One of the aspects of the Internet that many I and many others love is its interactive nature. Using a news search engine's push technology, news summaries on accounting firms are sent to me daily.
I get national, local and even international news. For example, I recently received a description and the hyperlink to what looked to be an interesting item. It was an editorial that began with a question: "What should be done to bring an end to collusion between certified public accountants and the corporations they audit? Although it presents great difficulties, the task must be tackled to ensure appropriate corporate accounting."
The editorial, which was from a Japanese newspaper, went on to explain what motivated the question. "On Wednesday, the Tokyo District Court found three CPAs, all of whom had worked for ChuoAoyama PricewaterhouseCoopers, guilty of helping Kanebo, Ltd. falsify its accounts by turning a blind eye to the firm's window-dressing for more than five years.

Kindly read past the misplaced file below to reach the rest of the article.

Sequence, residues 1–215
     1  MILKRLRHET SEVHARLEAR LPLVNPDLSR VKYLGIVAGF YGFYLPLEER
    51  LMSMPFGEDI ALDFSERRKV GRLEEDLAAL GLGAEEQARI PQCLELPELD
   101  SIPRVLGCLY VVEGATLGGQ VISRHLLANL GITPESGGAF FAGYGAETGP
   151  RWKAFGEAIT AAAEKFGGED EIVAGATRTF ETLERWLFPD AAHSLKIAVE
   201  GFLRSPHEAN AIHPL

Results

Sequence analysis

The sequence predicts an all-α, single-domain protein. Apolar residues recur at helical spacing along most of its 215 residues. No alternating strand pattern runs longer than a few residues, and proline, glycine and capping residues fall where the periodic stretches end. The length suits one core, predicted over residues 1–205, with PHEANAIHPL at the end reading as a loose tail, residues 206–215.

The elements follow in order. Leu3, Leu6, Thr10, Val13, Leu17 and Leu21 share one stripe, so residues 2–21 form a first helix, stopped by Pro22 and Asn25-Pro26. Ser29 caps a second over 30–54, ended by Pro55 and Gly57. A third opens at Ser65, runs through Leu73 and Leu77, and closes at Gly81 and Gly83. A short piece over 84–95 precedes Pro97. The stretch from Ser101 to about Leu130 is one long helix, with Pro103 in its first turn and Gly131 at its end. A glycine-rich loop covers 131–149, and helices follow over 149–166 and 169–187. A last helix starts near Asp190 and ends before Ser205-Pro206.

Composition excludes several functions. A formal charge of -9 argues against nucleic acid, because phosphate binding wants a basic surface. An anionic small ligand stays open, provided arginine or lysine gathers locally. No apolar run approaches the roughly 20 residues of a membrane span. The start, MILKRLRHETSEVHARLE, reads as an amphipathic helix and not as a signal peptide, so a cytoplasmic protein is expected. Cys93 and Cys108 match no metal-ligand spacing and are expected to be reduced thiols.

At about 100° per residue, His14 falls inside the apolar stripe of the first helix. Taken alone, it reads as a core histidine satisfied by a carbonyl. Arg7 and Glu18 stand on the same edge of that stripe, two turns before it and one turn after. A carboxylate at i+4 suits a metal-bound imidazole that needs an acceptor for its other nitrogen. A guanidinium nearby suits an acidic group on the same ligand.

"One of the accountants was given an 18-month prison sentence suspended for three years, and the others one-year prison sentences suspended for three years. The sentences were as expected, as the three had admitted the charges."
The editorial observed that the court concluded that the current audit system "was prone to collusion between CPAs and the corporations they audit because CPAs are being asked to point the finger at problems in the accounting practices of the very firms that pay them."
In urging a new system, the editorial first mentioned a proposal to set up a fund to pay accountants for their services using contributions from shareholders at corporations they audit. A so-called "more practical solution" was then offered for a board of auditors to be granted the right to determine the size of the fee paid to the audit corporation, rather than having the board of directors at a client corporation determine it. Criminal punishment of the auditing firms was also urged.
When I was a kid, I only saw the word "push" on the doors to my school stairs. I knew what was on the other side, and where it would take me. That is no longer the case. Now the word "push" has whole new meaning, and besides the door being opened automatically for me, I never know what I will find.
It will be fascinating to watch as every accountant in the world with the capability of instantaneous access to news that interests, and ultimately impacts, them will be affected.
The editorial is at www.yomiuri.co.jp/dy/editorial/20060810TDY04007.htm.
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